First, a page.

Searching for abandoned mines: breaking new ground, literally! ... by Kirstin Lemon

Ballylig in Northern Ireland is home to one of many abandoned mines found in Co. Antrim. Worked from as early as 1872 it was originally exploited for its iron ore before closing just after the First World War. As is the case with many abandoned mines, there are no mine plans for Ballylig, although a brief inspection during the Second World War led to the creation of a partial sketched plan indicating that the mine workings extended at a shallow depth under a public road.

Given the lack of knowledge about the site, it is not surprising that farmers living near by didn’t give a second thought to the dangers posed by underlying mine workings.  However, in  2013, disaster struck when part of the mine collapsed as a tractor and its slurry tank working on the overlying field, and fell in to the underlying void. The farmer was uninjured but quite shaken by the experience.

Kieran Parker on site at Ballylig
The Geological Survey of Northern Ireland (GSNI) work with the Department of Enterprise, Trade and Investment (DETI) to look after abandoned mines and survey work began immediately to try and find out whether there was the potential for further mine collapses. The results were conclusive; there was a strong possibility that this could happen again. A programme of works was put in place to stabilize the area, with the public road being the prime area of concern. However, with no mine plan and access through the mine deemed unsafe, this was going to prove difficult.

BGS scientist, Kieran Parker with responsibility for monitoring abandoned mines in Northern Ireland, had been looking after the site at Ballylig. The solution seemed to be to drill ‘blind’ holes into the approximate location of the mine and hope that it was found before the cost of the works escalated. But Kieran decided to bring in the help of BGS scientist, geophysicist Mohammednur Desissa, and use a potentially more effective method.

Results of the geophysical magnetic survey showing the proposed
location of mines /adits with suggested locations for drill sites
Kieran and Mohammednur conducted a geophysical magnetic survey on site to see if they could detect the shallow underground voids that would indicate the location of the mines. The theory behind this is well-known but this method of mine location had never been used in Northern Ireland. The results indicated a ‘room and pillar’ mining method with the extent of the mine roadways greater than previously thought. Confident in the results, targets were chosen to locate the mine location at the points either side of the road.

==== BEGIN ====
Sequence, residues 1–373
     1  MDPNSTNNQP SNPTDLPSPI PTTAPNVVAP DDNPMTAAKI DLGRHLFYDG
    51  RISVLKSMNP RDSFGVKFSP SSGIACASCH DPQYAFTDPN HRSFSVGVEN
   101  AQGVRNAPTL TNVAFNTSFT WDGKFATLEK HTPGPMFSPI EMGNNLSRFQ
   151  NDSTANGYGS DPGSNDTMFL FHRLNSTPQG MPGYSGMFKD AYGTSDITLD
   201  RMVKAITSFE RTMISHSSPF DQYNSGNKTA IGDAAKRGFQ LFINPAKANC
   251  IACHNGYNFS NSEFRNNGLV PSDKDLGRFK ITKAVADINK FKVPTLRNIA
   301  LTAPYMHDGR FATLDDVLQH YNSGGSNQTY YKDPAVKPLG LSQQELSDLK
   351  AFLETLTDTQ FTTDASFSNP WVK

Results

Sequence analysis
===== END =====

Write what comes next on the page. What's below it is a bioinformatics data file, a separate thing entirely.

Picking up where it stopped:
It was time to put this theory to the test and work began to try and locate the mine. Kieran Parker gave a brief update from the site:

The drill rig on site at Ballylig 
“Using the map produced using the data from the geophysical survey, drilling started on Monday 8th December 2014. The first target on the first day was a success with the mine roof encountered at 11m depth and mine floor at 12.5m. A further two boreholes had to be drilled and each of them was successful. Given the fact that the mine voids are no greater than 2m in width, precision was of utmost importance and was made possible by the geophysical survey beforehand.”

With the mine roadways now located, remedial work is currently ongoing to stabilize the public road.

By using this groundbreaking technique of mine location, a huge amount of time and money was saved, as the alternative was to drill ‘blind holes’.  In the current economic climate it is more important than ever to be innovative and makes the work at Ballylig an important example of the practical applications of geoscience. 

For more information on the abandoned mine work carried out by BGS scientists at the GSNI then please contact Kieran Parker at 


Good job, Kieran and Mohammednur. Great to see mainstream geophysical techniques being used in an unconventional application!